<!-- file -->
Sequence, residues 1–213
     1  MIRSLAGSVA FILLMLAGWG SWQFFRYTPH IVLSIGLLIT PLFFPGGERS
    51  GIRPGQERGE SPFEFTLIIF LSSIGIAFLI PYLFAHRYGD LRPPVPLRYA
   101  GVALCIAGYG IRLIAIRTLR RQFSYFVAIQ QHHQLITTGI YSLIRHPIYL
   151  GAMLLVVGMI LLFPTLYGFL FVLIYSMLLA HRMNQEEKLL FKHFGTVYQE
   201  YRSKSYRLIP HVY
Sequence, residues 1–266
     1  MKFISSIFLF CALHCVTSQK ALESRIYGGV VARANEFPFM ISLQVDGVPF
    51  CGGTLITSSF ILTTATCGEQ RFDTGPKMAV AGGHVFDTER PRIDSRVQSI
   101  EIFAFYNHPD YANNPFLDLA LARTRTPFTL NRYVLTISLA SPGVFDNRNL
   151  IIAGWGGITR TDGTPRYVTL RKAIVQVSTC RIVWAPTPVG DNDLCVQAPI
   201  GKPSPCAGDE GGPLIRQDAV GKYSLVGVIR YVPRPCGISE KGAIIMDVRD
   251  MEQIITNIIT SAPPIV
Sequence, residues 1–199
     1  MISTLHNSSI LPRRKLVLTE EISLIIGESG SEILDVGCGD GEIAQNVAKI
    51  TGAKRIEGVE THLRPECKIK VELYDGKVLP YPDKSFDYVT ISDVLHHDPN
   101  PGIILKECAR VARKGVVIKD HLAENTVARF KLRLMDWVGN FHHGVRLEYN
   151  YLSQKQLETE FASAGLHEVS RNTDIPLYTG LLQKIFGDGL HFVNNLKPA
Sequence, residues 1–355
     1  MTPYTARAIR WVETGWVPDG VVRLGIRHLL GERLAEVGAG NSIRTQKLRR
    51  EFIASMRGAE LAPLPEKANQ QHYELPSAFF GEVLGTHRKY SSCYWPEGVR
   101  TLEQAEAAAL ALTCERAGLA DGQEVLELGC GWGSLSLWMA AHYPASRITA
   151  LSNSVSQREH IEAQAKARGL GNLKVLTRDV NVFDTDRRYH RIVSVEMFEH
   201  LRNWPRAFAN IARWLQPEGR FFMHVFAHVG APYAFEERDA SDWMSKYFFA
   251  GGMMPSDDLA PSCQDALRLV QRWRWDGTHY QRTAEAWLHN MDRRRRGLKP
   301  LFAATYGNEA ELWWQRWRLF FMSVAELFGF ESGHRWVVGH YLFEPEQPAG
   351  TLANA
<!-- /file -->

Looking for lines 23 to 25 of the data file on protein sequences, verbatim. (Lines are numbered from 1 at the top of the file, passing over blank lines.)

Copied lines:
   151  LSNSVSQREH IEAQAKARGL GNLKVLTRDV NVFDTDRRYH RIVSVEMFEH
   201  LRNWPRAFAN IARWLQPEGR FFMHVFAHVG APYAFEERDA SDWMSKYFFA
   251  GGMMPSDDLA PSCQDALRLV QRWRWDGTHY QRTAEAWLHN MDRRRRGLKP